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Things like ABD's are often rewarded with an MPhil. That's 2-3 years, during which a bit of research must be done, say a course paper or such. So, we already have the three year (almost) PhD! Seems like demand from employers ain't that great, given all those PhD graduates. That's where the source of the allocation lies.

You are correct, but colleges and universities are hiring people with Masters less and less. The PhD is favored for accreditation. Even teaching colleges require research now.

And even community colleges in favored places hire only PhDs because they can. See Boston, SF Bay Area, Southern California, DC, New York City.

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I think no one responded to this comment the first time around, because it was fine. There obviously is an incentive that could be viewed this way.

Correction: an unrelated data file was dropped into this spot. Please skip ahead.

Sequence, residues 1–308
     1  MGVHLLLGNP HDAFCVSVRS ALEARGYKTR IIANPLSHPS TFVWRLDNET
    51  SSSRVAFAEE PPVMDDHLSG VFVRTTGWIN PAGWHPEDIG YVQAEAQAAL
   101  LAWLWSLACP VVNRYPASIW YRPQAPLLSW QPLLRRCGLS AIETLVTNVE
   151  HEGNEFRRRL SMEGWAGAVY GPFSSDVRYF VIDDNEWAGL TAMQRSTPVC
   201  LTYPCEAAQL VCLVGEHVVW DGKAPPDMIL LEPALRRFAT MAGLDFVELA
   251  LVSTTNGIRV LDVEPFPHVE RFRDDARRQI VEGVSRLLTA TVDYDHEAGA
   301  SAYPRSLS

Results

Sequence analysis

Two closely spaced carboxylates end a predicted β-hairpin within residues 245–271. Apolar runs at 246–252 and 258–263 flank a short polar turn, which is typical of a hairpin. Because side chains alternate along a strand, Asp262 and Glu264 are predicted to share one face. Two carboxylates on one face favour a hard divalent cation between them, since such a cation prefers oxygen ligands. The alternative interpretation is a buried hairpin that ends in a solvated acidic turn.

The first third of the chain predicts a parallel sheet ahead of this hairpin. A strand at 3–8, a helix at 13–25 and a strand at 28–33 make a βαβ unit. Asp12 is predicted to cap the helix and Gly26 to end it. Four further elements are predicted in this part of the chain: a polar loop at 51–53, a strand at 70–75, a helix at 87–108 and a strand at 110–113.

Of course my professor friend says she can't go on vacation right now because her students need help with their dissertations .. so some are tryin' the good way.

Indeed. A friend who was a professor helped students get their PhD for the same reason that I train apprentices; someone has to be trained to carry on the work once I retire.

As in most things there are people who take advantage when they can.

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"That may not bother Tyler."

Of course it does.

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Arbitrary time limits for a PhD? That is what I am hearing - "It should take 5 years" or "It should take 6 year" - excuse me - but are we talking about "research" -? Or is someone just counting the hours, minutes and years and come up with something that someone, some groups says that it meets the standard for a "PhD"? If indeed there are arbitrary limits imposed on a "PhD" then perhaps it is not a "research" degree in any sense - but time served? If so, yea, restricting the time spent in servitude may be a good idea and deflating the credential inflation may not be all that bad. I can almost hear howls from bean counters who depend on the numbers of PhDs to send the signal to the world on how wonderful they imagine they are!